For my regular readers and new ones too you might find that I’ve explored the many sides of food as research topic, from cultural practices, gastronomic traditions, philosophy, literature, religion and a topic I’ve been thinking about is food as medicine or as a tool to heal. I invited Alex Vickers to share her own life story and how she decided she wanted to help people live better. which I find very interesting to say the least, I hope this piece provides you with a whole new angle to see food and how we can better relate to it.
Alex Vickers is a Naturopathic Nutritional Therapist (Dip.Nut.CNM) She has a great interest in food and the good (or harm) that it can do. She is passionate about sharing her knowledge with others and helping them to the best health.
The path to wellbeing begins with: ‘First do no harm’.
First of all, what is a naturopath health practitioner? I hear you ask, well is a professional who applies natural therapies to heal, balance and help patients restore their wellbeing.
Her or his spectrum comprises far more than fasting, nutrition, water and exercise; it includes approved natural healing practices such as Homeopathy, Acupuncture, and Herbal Medicine, as well as the use of modern methods like Bio-Resonance, Ozone-Therapy, and Colon Hydrotherapy.
At a time when modern technology, environmental pollution, poor diet, and stress play a significant role in the degradation of health, a Naturopath’s ability to apply natural methods of healing is of considerable importance.
Frequently, Alex explains: a Naturopath is the last resort in a patient’s long search for health. Providing personalised care to each patient, the naturopath sees humankind as a holistic unity of body, mind, and spirit.’.
“I work mainly with food and counselling, giving my clients the ability to help their bodies to heal themselves.”
Naturopathy is enjoying a huge surge in popularity. Celebrities such as Gwyneth Palthrow and Ella Woodward are promoting the profession and showing how much good it can do. For the ‘old school’ this is a bit of a two edged sword – on the one hand it is helping to promote good health but on the other it is making naturopathy more about looking good and being slim than about simply being full of health.
I came to naturopathy early as a child, my parents would use a naturopath rather than a doctor and it became something I saw as completely normal. I don’t remember seeing a doctor at all as a child but I do remember eating lots of garlic, growing our own vegetables and being wrapped in freezing cold chest packs.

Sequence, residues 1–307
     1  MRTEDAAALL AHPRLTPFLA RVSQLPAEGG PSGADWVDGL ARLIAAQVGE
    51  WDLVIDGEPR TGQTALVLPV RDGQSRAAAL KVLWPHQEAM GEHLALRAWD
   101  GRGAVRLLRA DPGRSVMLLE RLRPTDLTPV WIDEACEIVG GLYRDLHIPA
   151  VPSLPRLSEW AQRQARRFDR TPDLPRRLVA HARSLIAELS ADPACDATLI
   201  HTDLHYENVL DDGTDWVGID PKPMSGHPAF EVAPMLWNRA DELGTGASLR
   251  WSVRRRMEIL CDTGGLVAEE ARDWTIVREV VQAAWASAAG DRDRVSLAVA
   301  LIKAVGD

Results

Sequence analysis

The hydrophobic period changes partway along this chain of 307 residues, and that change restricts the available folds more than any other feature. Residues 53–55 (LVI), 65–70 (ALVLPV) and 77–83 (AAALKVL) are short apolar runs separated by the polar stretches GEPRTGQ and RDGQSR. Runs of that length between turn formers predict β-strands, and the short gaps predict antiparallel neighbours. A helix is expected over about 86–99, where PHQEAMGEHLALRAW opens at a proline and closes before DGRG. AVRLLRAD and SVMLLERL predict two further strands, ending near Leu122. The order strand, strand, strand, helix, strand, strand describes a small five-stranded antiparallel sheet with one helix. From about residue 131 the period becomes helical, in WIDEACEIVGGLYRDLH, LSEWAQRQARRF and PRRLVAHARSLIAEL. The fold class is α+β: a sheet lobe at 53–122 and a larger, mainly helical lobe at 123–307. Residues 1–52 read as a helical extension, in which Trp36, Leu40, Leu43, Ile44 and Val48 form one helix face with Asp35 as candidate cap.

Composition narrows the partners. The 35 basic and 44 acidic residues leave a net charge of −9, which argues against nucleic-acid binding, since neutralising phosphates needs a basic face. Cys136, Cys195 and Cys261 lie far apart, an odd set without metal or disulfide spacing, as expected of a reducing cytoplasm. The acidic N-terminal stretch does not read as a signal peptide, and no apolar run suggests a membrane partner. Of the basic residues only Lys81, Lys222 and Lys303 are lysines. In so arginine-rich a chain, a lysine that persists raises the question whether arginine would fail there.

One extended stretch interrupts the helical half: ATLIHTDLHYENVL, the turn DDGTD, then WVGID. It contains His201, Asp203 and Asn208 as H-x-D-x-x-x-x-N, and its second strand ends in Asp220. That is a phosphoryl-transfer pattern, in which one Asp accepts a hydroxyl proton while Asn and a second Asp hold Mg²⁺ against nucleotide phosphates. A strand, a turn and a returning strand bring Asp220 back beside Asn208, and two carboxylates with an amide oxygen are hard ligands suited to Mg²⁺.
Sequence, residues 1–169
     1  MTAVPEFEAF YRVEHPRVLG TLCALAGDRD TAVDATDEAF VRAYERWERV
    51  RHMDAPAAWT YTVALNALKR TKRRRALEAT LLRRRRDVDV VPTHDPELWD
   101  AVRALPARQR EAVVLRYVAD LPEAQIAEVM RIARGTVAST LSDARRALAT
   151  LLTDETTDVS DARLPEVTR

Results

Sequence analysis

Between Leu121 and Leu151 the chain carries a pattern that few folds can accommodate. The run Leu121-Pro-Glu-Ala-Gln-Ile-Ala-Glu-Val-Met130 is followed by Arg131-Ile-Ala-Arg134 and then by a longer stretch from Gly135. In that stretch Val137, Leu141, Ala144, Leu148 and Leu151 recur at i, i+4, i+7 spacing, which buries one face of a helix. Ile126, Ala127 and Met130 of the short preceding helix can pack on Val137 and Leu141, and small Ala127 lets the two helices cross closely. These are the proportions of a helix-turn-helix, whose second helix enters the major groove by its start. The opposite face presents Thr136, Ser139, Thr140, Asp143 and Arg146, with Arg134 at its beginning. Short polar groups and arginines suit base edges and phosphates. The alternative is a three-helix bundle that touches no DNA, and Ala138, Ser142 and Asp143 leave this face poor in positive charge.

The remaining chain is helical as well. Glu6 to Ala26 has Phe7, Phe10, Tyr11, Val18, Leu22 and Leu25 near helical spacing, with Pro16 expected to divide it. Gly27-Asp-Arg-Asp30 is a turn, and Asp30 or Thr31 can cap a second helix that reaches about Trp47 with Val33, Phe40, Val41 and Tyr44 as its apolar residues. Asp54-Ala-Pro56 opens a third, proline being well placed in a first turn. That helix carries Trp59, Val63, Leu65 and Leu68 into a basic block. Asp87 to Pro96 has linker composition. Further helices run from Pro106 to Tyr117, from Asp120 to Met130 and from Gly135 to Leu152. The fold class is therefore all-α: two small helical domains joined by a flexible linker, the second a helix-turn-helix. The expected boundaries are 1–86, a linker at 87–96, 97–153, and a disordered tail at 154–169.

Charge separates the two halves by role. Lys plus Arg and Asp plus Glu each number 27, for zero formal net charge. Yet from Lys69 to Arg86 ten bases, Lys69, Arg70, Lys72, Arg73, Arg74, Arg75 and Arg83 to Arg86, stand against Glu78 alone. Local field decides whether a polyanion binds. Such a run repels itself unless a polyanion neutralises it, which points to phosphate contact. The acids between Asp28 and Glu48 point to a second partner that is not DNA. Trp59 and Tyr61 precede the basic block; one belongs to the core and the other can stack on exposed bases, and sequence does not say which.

I knew, even as a small child, that these practices helped me to recover my health quicker than my peers and I decided that I wanted to be able to help others.
Although I went to study naturopathy at 19 I didn’t manage to stay the, very difficult, course. Anatomy class, soft tissue work, massage, nutrition and naturopathy classes which ran from 9 in the morning until 6 at night every day of the week, combined with a part time job, new husband and a life in London meant that I failed my first year and couldn’t carry on without considerable expense and so I dropped out.
Many years (and a very bad diet) later I became ill. The doctors suspected MS initially. My first port of call (after being given advice to take many different drugs – all with dreadful side effects) was to my old family naturopath. He saw me – very much changed in almost 20 years and, very kindly told me that when I was ill enough I would change my diet or I would have to take the medication. He gave me a diet sheet (the same one that he gave everyone), told me to avoid gluten and assured me that he didn’t think it was MS and sent me away. I managed to follow the diet for a couple of weeks and then resorted, once again to chocolate and crisps.
In the several years that followed I felt wretched. I got bigger, my joints ached, I was exhausted all the time, some days I struggled hard with day to day living. Something had to change but I couldn’t get my head around it. As I started to follow the plan though, I started to feel better. I had days when I felt almost normal. I gave up chocolate and gluten and started to really feel the benefits. My old family naturopath died (he was in his 80’s) and I couldn’t find anyone who I connected with so I decided to go and study myself.
Colour Run 2014 -I would never have been able to do this before changing my diet.
Three years at CNM Manchester later and I am a qualified Naturopathic Nutritionist. I still struggle to stick to my plan but I am in absolutely no doubt that it works. I have clients who I see on a one to one basis and they are finding that they have great results. I am passionate about what food can do and the harm it can cause. My clients are always amazed that with small changes to their diets they feel so much better.
Food is amazing – it provides the body with the tools needed for it to heal itself. Given the right environment many conditions can be alleviated. Most of the clients that I work (including myself) with have autoimmune conditions which respond brilliantly to dietary change.
A typical diet for someone with an autoimmune condition would be to remove gluten, sugar and dairy and follow, either a paleo diet or a vegetarian diet.
As everyone is different and the ways in which their body responds is different it sometimes takes time to find exactly what works best. Each client gets an individual plan which is assessed regularly. As a practitioner I expect to get phone calls, texts and emails from my clients if they hit a snag or are struggling at all. This means that I need to have a close relationship with my clients and they need to trust me.
I feel very lucky to be able to do a job which I love. I enjoy helping people and have an absolute conviction that what I do works and is the best way to live.